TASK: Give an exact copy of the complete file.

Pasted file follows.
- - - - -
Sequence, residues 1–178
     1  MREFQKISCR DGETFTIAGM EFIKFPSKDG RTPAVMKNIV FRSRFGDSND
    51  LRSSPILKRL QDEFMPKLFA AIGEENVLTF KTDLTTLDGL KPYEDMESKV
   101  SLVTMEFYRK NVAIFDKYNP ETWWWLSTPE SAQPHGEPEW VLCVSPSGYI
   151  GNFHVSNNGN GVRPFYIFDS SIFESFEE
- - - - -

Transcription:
Sequence, residues 1–178
     1  MREFQKISCR DGETFTIAGM EFIKFPSKDG RTPAVMKNIV FRSRFGDSND
    51  LRSSPILKRL QDEFMPKLFA AIGEENVLTF KTDLTTLDGL KPYEDMESKV
   101  SLVTMEFYRK NVAIFDKYNP ETWWWLSTPE SAQPHGEPEW VLCVSPSGYI
   151  GNFHVSNNGN GVRPFYIFDS SIFESFEE